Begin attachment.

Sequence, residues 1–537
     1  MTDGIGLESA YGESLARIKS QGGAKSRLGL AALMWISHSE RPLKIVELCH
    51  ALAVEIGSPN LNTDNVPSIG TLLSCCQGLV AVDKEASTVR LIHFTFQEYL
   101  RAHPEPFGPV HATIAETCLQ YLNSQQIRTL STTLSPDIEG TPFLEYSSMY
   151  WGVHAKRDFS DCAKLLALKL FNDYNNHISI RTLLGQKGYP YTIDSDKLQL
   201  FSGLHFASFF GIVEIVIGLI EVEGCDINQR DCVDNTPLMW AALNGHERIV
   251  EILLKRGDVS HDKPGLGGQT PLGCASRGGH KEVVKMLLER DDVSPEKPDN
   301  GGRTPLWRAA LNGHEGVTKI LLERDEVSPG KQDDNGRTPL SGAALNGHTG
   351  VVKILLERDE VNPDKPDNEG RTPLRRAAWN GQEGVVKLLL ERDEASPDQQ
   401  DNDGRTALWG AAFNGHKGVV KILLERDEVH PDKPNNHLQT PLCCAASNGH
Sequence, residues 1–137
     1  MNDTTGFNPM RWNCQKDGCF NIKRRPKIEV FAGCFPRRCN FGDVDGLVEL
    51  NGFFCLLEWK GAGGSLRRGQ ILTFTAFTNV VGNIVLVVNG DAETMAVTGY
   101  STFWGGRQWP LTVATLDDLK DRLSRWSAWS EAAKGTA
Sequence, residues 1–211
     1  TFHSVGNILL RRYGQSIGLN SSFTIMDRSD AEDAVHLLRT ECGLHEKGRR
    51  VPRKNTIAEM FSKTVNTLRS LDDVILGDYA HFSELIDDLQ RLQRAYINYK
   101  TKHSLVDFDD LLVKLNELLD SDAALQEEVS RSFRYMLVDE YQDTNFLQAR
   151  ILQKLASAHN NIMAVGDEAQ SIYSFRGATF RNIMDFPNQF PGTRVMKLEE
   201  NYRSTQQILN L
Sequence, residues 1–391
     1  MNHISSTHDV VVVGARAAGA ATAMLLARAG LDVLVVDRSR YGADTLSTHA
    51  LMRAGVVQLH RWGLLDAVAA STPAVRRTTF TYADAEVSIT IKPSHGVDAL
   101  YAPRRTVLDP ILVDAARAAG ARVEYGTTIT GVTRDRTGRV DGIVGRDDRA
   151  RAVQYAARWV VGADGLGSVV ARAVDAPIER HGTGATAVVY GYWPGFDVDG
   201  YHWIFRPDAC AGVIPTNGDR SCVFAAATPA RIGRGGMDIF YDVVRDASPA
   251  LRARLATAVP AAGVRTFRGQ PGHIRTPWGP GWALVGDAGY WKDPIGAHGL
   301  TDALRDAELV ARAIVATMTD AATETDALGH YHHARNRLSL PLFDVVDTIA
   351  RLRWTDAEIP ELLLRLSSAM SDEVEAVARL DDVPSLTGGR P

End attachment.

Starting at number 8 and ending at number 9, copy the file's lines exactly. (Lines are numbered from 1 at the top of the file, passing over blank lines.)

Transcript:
   301  GGRTPLWRAA LNGHEGVTKI LLERDEVSPG KQDDNGRTPL SGAALNGHTG
   351  VVKILLERDE VNPDKPDNEG RTPLRRAAWN GQEGVVKLLL ERDEASPDQQ